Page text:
Event: Undergraduate Research Symposium
Date: May 18, 2019
Location: UCI Student Center
Presenter: Huainan Wang
Mentor: Penelope Collins, Micihael Scott Leo
Title: An Investigation in how Social Media can Support Undergraduate STEM Learning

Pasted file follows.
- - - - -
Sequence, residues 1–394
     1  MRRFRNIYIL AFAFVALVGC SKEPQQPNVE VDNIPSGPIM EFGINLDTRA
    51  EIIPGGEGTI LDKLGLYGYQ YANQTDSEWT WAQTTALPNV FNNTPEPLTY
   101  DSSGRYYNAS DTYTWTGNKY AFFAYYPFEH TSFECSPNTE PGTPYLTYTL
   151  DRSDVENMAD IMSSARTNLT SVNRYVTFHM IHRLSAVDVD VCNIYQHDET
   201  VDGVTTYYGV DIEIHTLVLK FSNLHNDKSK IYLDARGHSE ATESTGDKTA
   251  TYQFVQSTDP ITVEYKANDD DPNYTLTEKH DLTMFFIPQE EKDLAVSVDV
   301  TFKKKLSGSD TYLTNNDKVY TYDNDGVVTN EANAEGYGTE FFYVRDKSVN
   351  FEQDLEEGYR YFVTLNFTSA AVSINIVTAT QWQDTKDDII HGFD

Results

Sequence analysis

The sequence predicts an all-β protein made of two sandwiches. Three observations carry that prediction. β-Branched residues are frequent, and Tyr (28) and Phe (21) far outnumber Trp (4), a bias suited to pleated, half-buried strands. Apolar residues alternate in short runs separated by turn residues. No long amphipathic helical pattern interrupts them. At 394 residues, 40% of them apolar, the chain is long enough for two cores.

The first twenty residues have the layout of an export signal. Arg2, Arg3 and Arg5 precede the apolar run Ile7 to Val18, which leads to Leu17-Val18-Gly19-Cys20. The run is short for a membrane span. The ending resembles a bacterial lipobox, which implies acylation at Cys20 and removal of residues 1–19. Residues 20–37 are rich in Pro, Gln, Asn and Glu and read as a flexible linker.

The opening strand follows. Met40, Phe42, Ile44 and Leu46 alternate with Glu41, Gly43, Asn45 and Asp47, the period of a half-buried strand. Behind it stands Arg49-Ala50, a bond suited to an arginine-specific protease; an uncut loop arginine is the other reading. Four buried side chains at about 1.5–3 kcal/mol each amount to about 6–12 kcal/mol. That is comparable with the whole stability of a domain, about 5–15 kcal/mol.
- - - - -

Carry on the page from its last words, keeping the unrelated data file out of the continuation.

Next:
Improving STEM education for students is a growing priority. Social media use and SMS text messaging have been found to enhance undergraduate learning in humanities and social science. This study examined how social media can be used to support student learning in a large biology class. The participants were 228 undergraduate students enrolled in a lower-division biology course. All students were invited to join a Facebook group for the course. We coded students’ communications in the course’s group chats for comments about course content, course administration, and social conversation. On average, students posted 0.86 comments about course content, 0.64 comments related to course administration (e.g., “When’s the midterm?”), and 0.99 social comments throughout the quarter. While social conversation was most common, the three types of chatting were highly correlated (ranging from r=.56 to r=.76). However, only the number of comments on course content was related to students’ final grades, with regression analysis finding that each additional content-based comment in the chat group was associated with a 2% increase in the final grade of the course. Neither posting comments about course administration nor social comments predicted students’ final grades. These findings suggest that contributing in a Facebook group chat can support student learning, but only when it is focused on the course content. Using group chats in social media may be one way that instructors can support students’ STEM learning outside of the lecture hall.
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